The game changer: The future of enterprise IT has begun

When the iPhone launched in 2007, we all instinctively knew […]

February 11, 2013

When the iPhone launched in 2007, we all instinctively knew that this was not just “a new development” in the market. We had seen a completely different concept; a revolution. Overnight, every other mobile phone on the market was made redundant.

What exactly made the iPhone a game-changer? For the first time, consumers had an integrated system — combining web browser, phone and multimedia player in one, simple console. That made it not just more convenient for users; it launched an entirely new lifestyle of total interconnectedness. The iPhone also had boundless potential to grow: development Tool Kit enabled thousands of apps to be created overnight by independent developers. And it had intelligence built into its design: From gyroscopes to GPS-tracking, apps could capitalize on the multiple intuitive features in the handsets to deliver intelligent services to users.

Most of all, the iPhone hid all this complexity behind an interface of total, elegant simplicity for the user: Web, phone and computation functions integrated seamlessly, while groundbreaking touch-screen navigation moved users dynamically and easily between features.

Total integration and intelligence at the platform level combined with total simplification at the front end … the idea that such a revolution could ever happen with enterprise ICT systems might seem far-fetched. But that revolution has, in fact, already happened.

They are called Expert Integrated Systems (at IBM, we have branded them “PureSystems”) and they really do change everything. In fact, they represent such a radical shift for our industry that many ICT professionals simply can’t believe what these systems will mean until they see them in person. That’s because this is not a new technology. This is ICT as a business function re-imagined completely from scratch — and, just like the iPhone, intelligence, integration and simplification are the three driving forces of the revolution.

The headline results are jaw-dropping: Expert Integrated Systems don’t just reduce the application development cycle from years to months. They reduce it to minutes. They don’t just build bridges between functional siloes in ICT. They eradicate those siloes completely. They don’t just bring down operation costs — they slash them in half. And deployment? The whole system can be installed in one afternoon.

How is all this possible? Because, with Expert Integrated Systems, the organization’s entire IT system is finally run from a single system. Computing, storage, networking and IT management are all housed in a single chassis, and with all elements designed, from the start, to work in complete harmony with one another.

That signals a complete change for how the business of IT will now be done. Integrating the whole ICT infrastructure into one system has allowed real intelligence to be built into Expert Integrated Systems’ design — decades of industry expertise, coded as algorithmic “patterns” (including the artificial intelligence that powers supercomputers like IBM’s ‘Watson’). The result? Expert Integrated Systems automatically conduct problem-solving across the whole ICT network: If you change the attributes between two elements somewhere in your infrastructure, the system automatically reviews all dependencies elsewhere and adjusts them accordingly, guaranteeing a stable workload performance. Risk, cost and time are all vastly reduced — as is the need to constantly bring in specialist expertise to meet varying demands. They really do change our job forever.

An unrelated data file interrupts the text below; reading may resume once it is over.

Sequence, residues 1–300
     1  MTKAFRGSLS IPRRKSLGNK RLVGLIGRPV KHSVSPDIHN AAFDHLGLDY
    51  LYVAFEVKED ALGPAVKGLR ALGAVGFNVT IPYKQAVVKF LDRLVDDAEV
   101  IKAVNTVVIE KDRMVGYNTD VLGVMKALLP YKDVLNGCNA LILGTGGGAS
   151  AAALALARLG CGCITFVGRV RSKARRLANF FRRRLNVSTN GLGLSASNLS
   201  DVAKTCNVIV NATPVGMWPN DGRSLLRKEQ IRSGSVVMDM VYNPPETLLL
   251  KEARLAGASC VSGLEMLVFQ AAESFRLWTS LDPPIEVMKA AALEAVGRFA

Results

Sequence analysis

The flexibility of Expert Integrated Systems also means that they are “future-proof”: Quite simply, they are designed for Cloud. Infrastructure patterns, which optimize the management of virtualized applications, reduce latency by half. And with resource pooling and automated provisioning patterns, users can manage a cloud infrastructure as easily as they can a single system.

Amid all this integration and intelligence, Expert Integrated Systems offer the kind of ease-of-use for ICT managers that were previously only a pipedream. Leaders can get a holistic view of every last corner of the ICT infrastructure via a single management console, which pools system data — software, middleware, networking, storage, performance — into one dashboard. From its “pattern store” they can then drag and drop pre-installed applications into the system in seconds. (And more patterns are being developed every week — even now; tens of thousands are available for system users.)

In short, Expert Integrated Systems promise to re-start the business of ICT from scratch: as a unified service; centralized; adaptable; cost-effective; and with simplification as its driving value. Within a few years, its integrating power will eradicate old-style siloes: Everything will be in the same language. Software will be so cheap and easy to install as to become almost disposable. The process quagmires, and the years of software development and deployment, will be aberrations, not the norm.

In short, these systems now enable ICT to be managed as a strategic function, finally able to operate at the speed and cost demanded by today’s business world. And organizations that don’t believe that will very soon find themselves with ICT systems that are like Nokia 3750s in an era of Smartphone’s.

Pascal Lanser: Country General Manager IBM Luxembourg

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